At this point in time, anyone who hasn't heard about missing Indiana University student Lauren Spierer must be living in an underground cave. Or be completely oblivious to all types of social media.
Lauren, a 20 year old girl from New York was last seen June 3rd walking home from a friend's apartment at 4:30 in the morning. She had left her shoes and cell phone in a bar she had patronized earlier. Since her disappearance the media attention has exploded through the use of Facebook, Twitter and of course television and the internet.
One tweet from Ryan Seacrest alerts 4.6 million people of her disappearance. A Facebook page circulating has alerted 177,000 people of it. The news coverage is continuous. I think this is fantastic. I pray for her parents who I know have to be living in a 24-7 nightmare of torture and fear.
Other celebrities have tweeted of the disappearance making tens of millions of people aware. What I am really wondering though is why this type of attention is only given to select missing persons. Believe me, the more people that are aware the better. My daughter asked me what tweeting it would do not thinking that it was possible Lauren might have been taken out of Indiana. For every person that knows, no matter where they live, that is one more person that can possibly help.
So why the differentiation in missing person cases? It makes no sense to me at all as I am just now reading of the disappearance of another female from Bloomington, IN last September. Her body was found 2 weeks later in a cornfield just outside the city. Her mother, while happy for Lauren's parents that the media is all over her disappearance, wonders why her daughter did not receive the same attention. I wonder why too.
I wrote in the last two weeks about my daughters traveling out of the country. I was a paranoid, freaked out wreck. If I didn't hear from them for a certain period of time I was popping Xanax to calm myself down. My older daughter graduated from Indiana University and lived in the same building as Lauren Spierer; frequented the same bar she was last known to be at. I worried about her safety daily and heaven forbid anything had happened to her, I would have hoped for the same attention.
But why in the world do we not give everyone equal media/social media exposure if they are missing? Googling this question I came across what is known as "Missing White Woman's Syndrome" or "Missing Pretty Girl Syndrome" (found on Wikipedia). Can this really be the case? Are our pretty, affluent white girls more important than others? Is the media so selective?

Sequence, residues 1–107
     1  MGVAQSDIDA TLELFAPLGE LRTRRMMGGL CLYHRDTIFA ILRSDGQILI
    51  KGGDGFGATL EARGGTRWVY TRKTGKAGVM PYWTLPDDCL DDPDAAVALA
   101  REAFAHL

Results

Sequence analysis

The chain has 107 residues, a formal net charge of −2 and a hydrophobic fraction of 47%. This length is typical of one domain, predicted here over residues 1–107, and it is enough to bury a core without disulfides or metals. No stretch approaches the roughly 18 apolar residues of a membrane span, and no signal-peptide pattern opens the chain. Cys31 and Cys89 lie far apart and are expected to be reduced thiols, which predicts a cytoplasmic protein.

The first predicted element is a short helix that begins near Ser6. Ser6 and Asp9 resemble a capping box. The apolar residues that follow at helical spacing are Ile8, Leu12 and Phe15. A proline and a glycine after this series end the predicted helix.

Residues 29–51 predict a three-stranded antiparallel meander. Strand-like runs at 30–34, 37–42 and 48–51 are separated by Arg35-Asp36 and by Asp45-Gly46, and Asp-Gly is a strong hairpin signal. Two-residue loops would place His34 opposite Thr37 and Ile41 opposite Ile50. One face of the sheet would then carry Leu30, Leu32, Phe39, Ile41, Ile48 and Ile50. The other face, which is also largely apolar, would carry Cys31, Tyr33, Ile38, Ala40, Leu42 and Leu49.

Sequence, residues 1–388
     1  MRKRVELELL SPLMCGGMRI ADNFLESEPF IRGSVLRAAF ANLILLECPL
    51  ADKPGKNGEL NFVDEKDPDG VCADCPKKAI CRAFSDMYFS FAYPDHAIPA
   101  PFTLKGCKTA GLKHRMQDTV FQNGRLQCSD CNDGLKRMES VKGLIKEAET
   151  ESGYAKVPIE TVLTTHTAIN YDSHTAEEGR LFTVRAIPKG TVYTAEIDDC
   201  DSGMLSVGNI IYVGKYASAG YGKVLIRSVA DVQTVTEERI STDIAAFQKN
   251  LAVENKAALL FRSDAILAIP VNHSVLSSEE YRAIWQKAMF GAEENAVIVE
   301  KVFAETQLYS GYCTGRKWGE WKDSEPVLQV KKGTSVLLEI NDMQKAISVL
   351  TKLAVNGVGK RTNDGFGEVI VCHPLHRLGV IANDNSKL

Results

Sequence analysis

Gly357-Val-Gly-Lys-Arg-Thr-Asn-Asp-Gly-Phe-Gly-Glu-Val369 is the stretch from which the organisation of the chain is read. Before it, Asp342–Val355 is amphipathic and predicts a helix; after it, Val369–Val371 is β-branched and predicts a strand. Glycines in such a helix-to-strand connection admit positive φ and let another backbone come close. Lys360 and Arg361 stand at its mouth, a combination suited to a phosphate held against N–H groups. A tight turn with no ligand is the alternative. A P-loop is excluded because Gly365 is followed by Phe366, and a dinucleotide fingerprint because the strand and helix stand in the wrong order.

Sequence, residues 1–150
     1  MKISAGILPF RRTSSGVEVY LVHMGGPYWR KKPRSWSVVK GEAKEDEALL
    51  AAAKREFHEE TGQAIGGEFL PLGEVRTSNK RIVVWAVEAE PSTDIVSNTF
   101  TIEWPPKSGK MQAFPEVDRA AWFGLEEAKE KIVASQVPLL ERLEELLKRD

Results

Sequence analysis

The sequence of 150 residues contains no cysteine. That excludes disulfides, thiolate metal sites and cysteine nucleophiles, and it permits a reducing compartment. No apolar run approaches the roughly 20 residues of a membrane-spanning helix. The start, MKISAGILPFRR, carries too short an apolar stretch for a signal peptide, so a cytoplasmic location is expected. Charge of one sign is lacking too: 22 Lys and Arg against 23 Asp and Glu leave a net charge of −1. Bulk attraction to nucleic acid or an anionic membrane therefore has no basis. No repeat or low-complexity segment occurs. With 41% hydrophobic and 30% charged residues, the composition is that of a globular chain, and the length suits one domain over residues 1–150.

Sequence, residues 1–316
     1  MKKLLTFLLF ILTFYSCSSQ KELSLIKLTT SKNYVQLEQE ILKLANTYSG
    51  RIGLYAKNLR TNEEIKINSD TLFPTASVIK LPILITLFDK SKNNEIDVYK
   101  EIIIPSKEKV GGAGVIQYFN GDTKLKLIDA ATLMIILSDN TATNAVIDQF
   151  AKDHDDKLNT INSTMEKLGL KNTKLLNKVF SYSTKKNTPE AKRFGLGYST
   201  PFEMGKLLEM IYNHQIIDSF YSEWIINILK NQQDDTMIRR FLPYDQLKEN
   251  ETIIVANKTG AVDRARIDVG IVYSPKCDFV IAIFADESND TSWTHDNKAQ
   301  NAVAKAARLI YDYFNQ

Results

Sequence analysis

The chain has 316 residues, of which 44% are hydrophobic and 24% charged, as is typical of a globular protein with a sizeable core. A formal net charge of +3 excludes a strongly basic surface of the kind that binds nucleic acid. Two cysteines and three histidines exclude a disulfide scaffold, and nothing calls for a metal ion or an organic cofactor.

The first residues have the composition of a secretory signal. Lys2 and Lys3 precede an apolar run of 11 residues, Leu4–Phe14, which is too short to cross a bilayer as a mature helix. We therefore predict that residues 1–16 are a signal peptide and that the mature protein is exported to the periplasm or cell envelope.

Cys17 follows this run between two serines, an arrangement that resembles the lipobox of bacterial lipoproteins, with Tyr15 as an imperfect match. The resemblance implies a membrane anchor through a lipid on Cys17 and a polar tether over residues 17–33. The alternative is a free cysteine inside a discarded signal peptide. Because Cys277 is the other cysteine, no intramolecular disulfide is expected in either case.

If so, and if you read statistics, it would appear to be true. This makes me sick. Any parent of a missing child can't think of anything other than finding that child alive. They pray for help, any help they can get in the search.
This current case of Lauren Spierer has now set the bar for what every parent of a future missing child should expect. I hate knowing in my heart of all the children that will go missing but it's inevitable. How will the media decide who gets more attention? Do they have a checklist??
When Laci Peterson went missing in December of 2002, the media attention was everywhere. It was a nationwide sensation. Not many people knew about a black female who was also pregnant, Latoyia Figuerio of Philadelphia, that went missing at the same time. Her family begged the media to allow her the same attention. It never happened.
I am a white female with daughters who are educated and attractive. This does not give me the right to expect or receive more media attention if heaven forbid a thousand times, anything ever happened to them. I am sure that Lauren's parents are more than grateful for the attention and did not demand it. I can't pray hard enough that they find their daughter alive.
I do feel that in the future that based on the outpouring of attention for Lauren, the media and all it's outlets need to reevaluate how they approach missing persons. There cannot and should not be such obvious selectivity. Our children should all be viewed as equally important no matter the race, ethnicity or socio-economic class. But that is wishing to live in a perfect world. One can hope, one can pray.
And we all continue to pray for the Spierer family. I hope they find Lauren soon; and alive.
Posted March 6, 2014 at 9:51 am
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